The Affliction of Richard

By Robert Bridges 1844–1930 Robert Bridges
      Love not too much. But how,
When thou hast made me such,
And dost thy gifts bestow,
How can I love too much?
      Though I must fear to lose,
And drown my joy in care,
With all its thorns I choose
The path of love and prayer.

      Though thou, I know not why,
Didst kill my childish trust,
That breach with toil did I
Repair, because I must:
      And spite of frighting schemes,
With which the fiends of Hell
Blaspheme thee in my dreams,
So far I have hoped well.

      But what the heavenly key,
What marvel in me wrought
Shall quite exculpate thee,
I have no shadow of thought.
      What am I that complain?
The love, from which began
My question sad and vain,
Justifies thee to man.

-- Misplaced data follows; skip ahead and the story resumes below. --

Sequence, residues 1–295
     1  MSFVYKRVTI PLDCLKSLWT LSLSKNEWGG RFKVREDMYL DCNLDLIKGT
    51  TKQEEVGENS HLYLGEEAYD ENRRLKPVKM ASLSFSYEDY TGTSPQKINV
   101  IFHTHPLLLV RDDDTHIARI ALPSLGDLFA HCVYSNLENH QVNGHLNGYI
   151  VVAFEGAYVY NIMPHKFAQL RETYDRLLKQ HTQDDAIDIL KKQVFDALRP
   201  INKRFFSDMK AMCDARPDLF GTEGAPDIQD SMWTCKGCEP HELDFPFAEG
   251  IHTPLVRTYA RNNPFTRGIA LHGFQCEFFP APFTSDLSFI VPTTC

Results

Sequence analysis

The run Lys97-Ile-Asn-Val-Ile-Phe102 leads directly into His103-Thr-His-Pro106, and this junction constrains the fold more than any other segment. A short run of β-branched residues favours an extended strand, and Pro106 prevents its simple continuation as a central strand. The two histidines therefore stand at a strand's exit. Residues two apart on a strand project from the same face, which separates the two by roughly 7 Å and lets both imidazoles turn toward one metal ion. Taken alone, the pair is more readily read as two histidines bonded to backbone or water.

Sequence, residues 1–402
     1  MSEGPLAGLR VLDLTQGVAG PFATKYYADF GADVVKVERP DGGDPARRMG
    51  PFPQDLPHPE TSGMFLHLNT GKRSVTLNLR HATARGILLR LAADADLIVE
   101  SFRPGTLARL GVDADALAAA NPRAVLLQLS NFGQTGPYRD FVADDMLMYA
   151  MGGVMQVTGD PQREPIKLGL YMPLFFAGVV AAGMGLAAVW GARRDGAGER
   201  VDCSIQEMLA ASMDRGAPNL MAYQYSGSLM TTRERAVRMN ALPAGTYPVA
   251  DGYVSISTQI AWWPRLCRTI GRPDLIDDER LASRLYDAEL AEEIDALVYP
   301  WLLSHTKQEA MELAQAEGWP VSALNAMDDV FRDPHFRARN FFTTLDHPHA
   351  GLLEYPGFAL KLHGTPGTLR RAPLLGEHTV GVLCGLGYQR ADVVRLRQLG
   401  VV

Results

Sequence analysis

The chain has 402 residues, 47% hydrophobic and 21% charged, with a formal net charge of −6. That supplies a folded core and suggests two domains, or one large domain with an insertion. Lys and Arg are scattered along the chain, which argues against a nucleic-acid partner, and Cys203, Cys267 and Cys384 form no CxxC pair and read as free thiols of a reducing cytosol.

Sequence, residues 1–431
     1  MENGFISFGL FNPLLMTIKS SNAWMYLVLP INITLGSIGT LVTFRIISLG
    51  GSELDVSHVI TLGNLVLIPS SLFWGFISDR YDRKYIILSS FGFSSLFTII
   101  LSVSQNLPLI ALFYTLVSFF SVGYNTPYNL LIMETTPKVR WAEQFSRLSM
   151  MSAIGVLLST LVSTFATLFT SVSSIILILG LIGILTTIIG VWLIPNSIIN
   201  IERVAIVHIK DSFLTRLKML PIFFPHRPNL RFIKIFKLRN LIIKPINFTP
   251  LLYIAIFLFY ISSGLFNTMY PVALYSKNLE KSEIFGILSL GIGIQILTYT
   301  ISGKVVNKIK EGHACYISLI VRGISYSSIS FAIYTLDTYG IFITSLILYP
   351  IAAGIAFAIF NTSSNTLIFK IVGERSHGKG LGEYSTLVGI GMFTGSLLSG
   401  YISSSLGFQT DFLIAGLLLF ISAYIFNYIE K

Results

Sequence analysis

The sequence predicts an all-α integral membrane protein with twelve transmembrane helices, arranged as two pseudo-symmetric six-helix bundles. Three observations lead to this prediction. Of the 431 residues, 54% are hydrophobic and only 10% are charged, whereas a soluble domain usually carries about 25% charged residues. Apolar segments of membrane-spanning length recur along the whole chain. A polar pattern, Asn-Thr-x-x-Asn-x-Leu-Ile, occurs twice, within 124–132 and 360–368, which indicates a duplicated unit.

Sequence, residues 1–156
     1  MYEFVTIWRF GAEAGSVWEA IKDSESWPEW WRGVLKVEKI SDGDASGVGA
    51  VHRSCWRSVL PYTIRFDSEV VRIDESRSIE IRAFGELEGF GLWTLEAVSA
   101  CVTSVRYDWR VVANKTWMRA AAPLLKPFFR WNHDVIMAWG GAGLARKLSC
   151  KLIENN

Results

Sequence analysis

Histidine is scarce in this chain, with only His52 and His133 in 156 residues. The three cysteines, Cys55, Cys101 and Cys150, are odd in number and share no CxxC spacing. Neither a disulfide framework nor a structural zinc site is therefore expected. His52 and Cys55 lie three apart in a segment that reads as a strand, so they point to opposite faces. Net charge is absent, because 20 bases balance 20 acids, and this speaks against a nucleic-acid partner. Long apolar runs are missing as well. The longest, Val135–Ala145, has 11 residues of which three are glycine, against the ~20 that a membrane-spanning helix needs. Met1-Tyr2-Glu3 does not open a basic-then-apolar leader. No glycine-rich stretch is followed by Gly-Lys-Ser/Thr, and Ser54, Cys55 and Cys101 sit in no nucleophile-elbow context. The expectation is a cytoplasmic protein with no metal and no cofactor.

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Poet Robert Bridges 1844–1930

POET’S REGION England

Subjects Love, Disappointment & Failure, Living, Religion, Relationships, Faith & Doubt, Infatuation & Crushes

Poetic Terms Rhymed Stanza

 Robert  Bridges

Biography

A Victorian who by choice remained apart from the aesthetic movements of his day, Robert Bridges was a classicist. His experimentation with eighteenth-century classical forms culminated in The Testament of Beauty, generally acknowledged as his masterpiece. He succeeded Alfred Austin as Poet Laureate in 1913 and was active in the Society for Pure English, which was founded largely through his efforts. He had an important . . .

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Poem Categorization

SUBJECT Love, Disappointment & Failure, Living, Religion, Relationships, Faith & Doubt, Infatuation & Crushes

POET’S REGION England

Poetic Terms Rhymed Stanza

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Originally appeared in Poetry magazine.

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